PRINCETON - Paving the way can be a bumpy ride sometimes. There are the accolades and the state spotlight for being a leader, and then there’s difficulty of blazing a trail into uncharted territory. Princeton traveled that rocky road as it consolidated last year from two towns into one.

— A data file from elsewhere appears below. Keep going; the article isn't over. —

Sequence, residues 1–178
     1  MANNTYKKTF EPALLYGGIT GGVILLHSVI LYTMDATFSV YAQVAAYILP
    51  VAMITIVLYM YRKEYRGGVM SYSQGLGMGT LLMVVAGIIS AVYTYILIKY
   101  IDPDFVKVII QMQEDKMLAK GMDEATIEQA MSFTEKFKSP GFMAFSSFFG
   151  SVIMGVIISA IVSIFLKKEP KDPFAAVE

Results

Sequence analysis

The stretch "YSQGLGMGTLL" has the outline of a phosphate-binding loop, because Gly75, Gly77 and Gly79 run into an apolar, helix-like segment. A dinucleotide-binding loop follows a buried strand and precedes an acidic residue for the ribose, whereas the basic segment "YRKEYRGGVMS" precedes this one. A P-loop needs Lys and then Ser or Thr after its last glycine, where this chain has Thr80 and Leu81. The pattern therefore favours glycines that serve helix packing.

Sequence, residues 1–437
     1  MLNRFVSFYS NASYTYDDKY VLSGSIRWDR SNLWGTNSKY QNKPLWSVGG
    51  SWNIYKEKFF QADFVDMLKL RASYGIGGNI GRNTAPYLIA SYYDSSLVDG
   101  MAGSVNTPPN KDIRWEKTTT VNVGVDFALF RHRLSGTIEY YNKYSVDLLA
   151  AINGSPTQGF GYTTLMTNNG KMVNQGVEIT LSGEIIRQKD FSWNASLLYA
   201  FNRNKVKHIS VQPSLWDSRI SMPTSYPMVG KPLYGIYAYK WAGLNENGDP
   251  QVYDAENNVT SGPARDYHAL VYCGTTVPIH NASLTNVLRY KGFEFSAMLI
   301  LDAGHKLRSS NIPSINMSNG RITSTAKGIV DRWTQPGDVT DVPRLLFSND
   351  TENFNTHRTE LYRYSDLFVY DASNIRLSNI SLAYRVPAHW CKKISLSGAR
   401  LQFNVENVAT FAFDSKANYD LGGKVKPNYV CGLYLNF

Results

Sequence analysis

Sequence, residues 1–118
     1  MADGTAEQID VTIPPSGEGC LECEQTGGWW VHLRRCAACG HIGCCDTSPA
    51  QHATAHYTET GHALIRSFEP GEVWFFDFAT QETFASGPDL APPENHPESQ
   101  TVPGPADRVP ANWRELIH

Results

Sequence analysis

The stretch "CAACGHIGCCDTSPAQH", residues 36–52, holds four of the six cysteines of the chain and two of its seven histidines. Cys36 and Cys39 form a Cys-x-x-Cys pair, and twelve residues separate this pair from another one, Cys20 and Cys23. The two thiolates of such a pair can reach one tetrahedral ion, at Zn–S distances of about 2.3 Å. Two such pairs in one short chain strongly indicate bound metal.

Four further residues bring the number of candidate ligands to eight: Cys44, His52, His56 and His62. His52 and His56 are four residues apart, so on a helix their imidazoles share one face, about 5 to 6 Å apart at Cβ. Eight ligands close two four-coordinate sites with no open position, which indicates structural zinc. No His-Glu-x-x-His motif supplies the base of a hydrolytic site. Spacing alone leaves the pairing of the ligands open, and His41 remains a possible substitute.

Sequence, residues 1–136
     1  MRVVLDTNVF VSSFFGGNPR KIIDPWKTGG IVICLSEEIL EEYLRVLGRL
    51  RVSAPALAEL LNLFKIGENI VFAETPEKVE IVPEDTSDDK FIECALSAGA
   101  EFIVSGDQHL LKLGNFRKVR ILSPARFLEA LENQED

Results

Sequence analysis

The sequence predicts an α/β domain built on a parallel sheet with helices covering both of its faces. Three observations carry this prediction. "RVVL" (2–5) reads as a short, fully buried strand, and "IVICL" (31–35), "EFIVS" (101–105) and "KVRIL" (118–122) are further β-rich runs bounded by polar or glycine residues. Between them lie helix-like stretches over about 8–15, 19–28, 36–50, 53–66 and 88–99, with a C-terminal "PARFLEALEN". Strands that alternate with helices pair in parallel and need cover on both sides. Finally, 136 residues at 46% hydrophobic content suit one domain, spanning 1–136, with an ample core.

Princeton officials hope that their struggles and lessons will serve to inform the next town that attempts the same thing — especially when it comes to financial support from the state, which promised in late 2011 that it would reimburse 20 percent of consolidation costs. The town has discovered that the promise had all of the clarity of a concept written on a table napkin. Three weeks ago town officials met with the state Department of Community Affairs and handed over a list of consolidation costs totaling $2.4 million. Princeton officials assumed that they’d be eligible for a repayment of around $460,000. But despite Princeton’s itemized list of consolidation costs, there are no real guidelines on what exactly is a consolidation cost. Does the $190,000 spent on information technology count? What about the $77,000 for new police weapons? Or the $340,000 in legal fees? It’s unclear, DCA spokeswoman Tammori Petty said this month. That’s because no precedent has been established. “The Department of Community Affairs has never had such an incident and we are feeling our way through this for the first time,” she said. “Basically the cost must be something that was absolutely necessary to allow for the merger and a competitive, reasonable price.” The lack of clarity doesn’t have Princeton officials worrying that they won’t get paid, but they do hope the state will establish some good, solid guidelines. “They’ve talked the talk, now they have to walk the walk,” council President Bernie Miller said. “I don’t think they have had any more guidelines than we did.” Town Manager Bob Bruschi said he hopes the state will make it very clear what costs are covered under the 20 percent promise. A well-defined policy on reimbursement would encourage other towns to take the same leap that Princeton did, he said. “It’s a small price, quite frankly, to pay,” Bruschi said. “It’s certainly not going to be the biggest item in the state budget. It’s a drop in the bucket for them,” he said. Princeton officials said they hope the state is very generous about what it will reimburse, especially because towns are still going to pick up the biggest share of the consolidation costs. “We hope they take a fairly liberal view toward the cost of transition,” Miller said. “Their 20 percent is a hell of a lot smaller than our 80 percent.” There were some items that ran over budget, such as the town’s legal costs for consolidation. What was supposed to cost $180,000, ended up closer to $340,000. But that, in part, was a product of being the first, town officials said. When the town asked the DCA for guidance, they didn’t get much help, they said. “They basically said, ‘Look, you guys are doing something that has not been done before; it’s new, so make your decisions,’” Miller said. “So we sought legal guidance from our own attorneys to do so.” Scott Sillars, chairman of the transitional task force’s finance subcommittee, said he thought the talks with the DCA went well, and that state officials are in the questioning mode, scrutinizing the costs thoroughly. Sillars said he’s confident the state will do the right thing. Part of that confidence arises from knowing that the state wants towns to consolidate and is aware that their willingness to do so will be influenced by the way Princeton is handled in this process. “How they handle our transition costs will sort of set the framework for other municipalities. If they squeeze us on transition costs, other municipalities might get the message that the state is little less interesting in taking on consolidation,” Miller said. Gina Genovese, executive director of Courage to Connect NJ, said Princeton is lighting the way for other municipalities to consolidate, but with that come the bumps on the road less traveled. “That’s one of the huge inhibitors of progress in our governments is that you have to plough the path, and that’s what Princeton is coming up against,” she said. “That’s what makes it history, is doing it for the first time. Genovese said other communities in the state, such as Scotch Plains and Fanwood, Mount Arlington and Roxbury, and Loch Arbour and Allenhurst, are all considering consolidation. She said the only way clearer language on consolidation will happen is if communities keep doing it. “The only way we’re going to do it is to keep doing it, and getting better at it each time,” she said. “I think that’s the only way we’re going to pave the road.”